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UP # 324: HOW DO WE ENSURE WE AREN’T A CITY WITH HOMELESS CHILDREN SLEEPING OUTDOORS?
My City Council Housing, Human Services, Health, and Culture (HHSHC) Committee is having a special meeting at 2:00 P.M. Wednesday, July 25 at Mary’s Place, their new location in the Hope Center at Gethsemane Lutheran Church, 1830 9th Avenue.
In the spring of 2011, the City Council passed Resolution 31292.
The intent of Resolution 31292, can be found in the title: “regarding services for homeless people who may not currently be served by the existing shelter system; and creating a work plan and timeline for analyzing alternatives and recommending actions that meet the long term housing and immediate survival and safety needs of homeless people who do not have access to safe shelter.”
Passing this resolution was the first step that the Council has ever taken in deciding to study how resources can be focused on the immediate survival and safety needs of homeless people who are sleeping outside. The resolution required that we look at a number of different options. A number of the things we set out to do we have accomplished and the decision of how to allocate funds earmarked for this issue was delayed until that year’s budget deliberations.
In the November 2011 budget process, the Council decided instead to shift the focus from the needs of all homeless people who are sleeping outside to the needs of specifically homeless families with children who are sleeping outside. $435,000 in new dollars was appropriated by the Council to services for individuals and families with children. With the passage of this funding and the 2012 Budget, the Council voted also to pass a Budget Guidance Statement, requiring the Human Services Department to report upon the outcome of the $435,000 in meeting the Council’s objective that “no family be unsheltered by the end of 2012.”
Wednesday’s event will inform Committee members and the public how these funds have been spent and whether they addressed the Council’s objective. Addressing the goal of ensuring that no families with children sleep outside is, in some ways, complicated by the fact that some people think we should expand shelter while the 10 Year Plan to End Homelessness recommends that we use resources for purposes other than expanding shelter because data shows that we more people off the street more quickly and less expensively with rapid re-housing than with an increase in emergency shelter. The solution doesn’t have to be additional shelter, but if not additional shelter, it must at least create priority-access to non-shelter services for families sleeping outside.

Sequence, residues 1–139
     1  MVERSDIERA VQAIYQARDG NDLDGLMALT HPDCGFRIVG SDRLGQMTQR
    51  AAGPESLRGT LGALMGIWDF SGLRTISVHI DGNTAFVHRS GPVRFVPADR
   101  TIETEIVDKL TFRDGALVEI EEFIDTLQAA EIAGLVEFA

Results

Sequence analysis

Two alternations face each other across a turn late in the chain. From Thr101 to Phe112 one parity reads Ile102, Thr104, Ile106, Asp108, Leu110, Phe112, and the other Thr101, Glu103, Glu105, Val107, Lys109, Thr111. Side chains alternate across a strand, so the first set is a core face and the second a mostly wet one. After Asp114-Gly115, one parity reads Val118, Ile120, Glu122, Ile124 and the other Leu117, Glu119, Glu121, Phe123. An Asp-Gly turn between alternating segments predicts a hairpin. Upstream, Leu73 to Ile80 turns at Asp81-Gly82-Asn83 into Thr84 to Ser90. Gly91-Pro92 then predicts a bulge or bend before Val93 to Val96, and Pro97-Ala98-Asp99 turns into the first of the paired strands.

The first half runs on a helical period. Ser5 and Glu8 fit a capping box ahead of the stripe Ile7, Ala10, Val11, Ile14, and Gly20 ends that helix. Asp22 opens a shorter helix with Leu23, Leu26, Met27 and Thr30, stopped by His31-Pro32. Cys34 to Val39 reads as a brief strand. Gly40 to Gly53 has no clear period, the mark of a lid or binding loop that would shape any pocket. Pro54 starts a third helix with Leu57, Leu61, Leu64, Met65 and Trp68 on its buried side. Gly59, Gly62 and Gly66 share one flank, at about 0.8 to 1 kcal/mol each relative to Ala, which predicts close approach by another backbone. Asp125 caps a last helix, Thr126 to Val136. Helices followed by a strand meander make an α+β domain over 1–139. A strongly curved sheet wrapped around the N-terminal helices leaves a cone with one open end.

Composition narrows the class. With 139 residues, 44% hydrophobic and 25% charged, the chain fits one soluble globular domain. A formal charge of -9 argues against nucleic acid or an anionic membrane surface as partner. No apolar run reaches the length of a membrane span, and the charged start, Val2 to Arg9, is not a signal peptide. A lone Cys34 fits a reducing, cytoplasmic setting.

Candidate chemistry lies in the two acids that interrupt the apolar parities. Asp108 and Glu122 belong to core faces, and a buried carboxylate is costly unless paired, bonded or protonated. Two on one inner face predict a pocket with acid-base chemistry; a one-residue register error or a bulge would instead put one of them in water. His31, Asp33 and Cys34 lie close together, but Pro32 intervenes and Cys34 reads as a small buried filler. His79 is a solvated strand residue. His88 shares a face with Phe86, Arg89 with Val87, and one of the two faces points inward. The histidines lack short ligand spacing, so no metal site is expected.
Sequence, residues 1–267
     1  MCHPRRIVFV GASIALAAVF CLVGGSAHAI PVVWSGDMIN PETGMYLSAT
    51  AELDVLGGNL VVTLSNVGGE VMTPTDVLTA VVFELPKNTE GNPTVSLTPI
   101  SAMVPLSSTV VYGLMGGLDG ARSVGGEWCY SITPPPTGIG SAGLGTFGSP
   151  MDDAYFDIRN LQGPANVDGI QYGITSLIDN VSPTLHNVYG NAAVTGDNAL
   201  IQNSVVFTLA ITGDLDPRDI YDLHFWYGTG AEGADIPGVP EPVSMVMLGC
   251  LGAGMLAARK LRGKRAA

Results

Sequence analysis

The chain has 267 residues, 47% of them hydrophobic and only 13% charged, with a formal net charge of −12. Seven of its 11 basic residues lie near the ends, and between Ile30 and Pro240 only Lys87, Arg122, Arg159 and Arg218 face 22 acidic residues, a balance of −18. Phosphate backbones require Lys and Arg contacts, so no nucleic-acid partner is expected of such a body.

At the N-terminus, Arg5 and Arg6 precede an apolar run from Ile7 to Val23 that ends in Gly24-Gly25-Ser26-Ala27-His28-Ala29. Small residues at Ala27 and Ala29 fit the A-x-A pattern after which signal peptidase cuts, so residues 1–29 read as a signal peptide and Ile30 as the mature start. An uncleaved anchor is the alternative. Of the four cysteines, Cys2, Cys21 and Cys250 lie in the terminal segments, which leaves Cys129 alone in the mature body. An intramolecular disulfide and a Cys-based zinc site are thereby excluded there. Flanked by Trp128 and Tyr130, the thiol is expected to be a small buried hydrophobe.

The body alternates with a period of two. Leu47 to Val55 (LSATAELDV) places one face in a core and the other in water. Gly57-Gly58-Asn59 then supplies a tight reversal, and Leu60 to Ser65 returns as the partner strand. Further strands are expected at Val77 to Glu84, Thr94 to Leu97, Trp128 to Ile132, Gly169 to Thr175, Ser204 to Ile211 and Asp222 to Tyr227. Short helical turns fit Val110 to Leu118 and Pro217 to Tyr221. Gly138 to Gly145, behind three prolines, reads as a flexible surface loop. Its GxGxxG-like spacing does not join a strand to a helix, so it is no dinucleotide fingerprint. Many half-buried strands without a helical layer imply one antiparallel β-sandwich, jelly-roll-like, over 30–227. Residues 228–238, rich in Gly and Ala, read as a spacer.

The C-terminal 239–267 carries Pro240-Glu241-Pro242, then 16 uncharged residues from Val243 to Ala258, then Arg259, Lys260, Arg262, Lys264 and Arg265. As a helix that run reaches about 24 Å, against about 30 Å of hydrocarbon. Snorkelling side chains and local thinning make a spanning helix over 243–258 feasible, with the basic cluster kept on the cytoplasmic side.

How do we know that there are families with children sleeping outside?
- The 2012 Family Turn Away Survey found that on one night in February there were 116 families with 214 children who were turned away from shelters with no room. Seven of those families self-reported that they were in a vehicle, camping, or on the streets.
- The Family Housing Connection, as of July 2012, is seeing a high end of 25 families each week who do not know where they are staying tonight. The Family Housing Connection is a one-stop system so families do not have to navigate an obstacle course of different phone numbers, protocols, and intake criteria in order to get assistance.
- In June, the Nickelsville encampment had 14 children living there.
- This week Mary’s Place reported that their day center had 2 families with babies that had no shelter.
Seattle simply mustn’t be a city that lets its children sleep outside in encampments, greenbelts, in cars, on buses, or doorways. I believe that this is a goal that we can accomplish.
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Posted: July 19th, 2012 under Budget and Economic Development, Civil Rights, Development and Sustainability, Housing, Human Services and Health, Neighborhoods, Public Safety, Race & Social Justice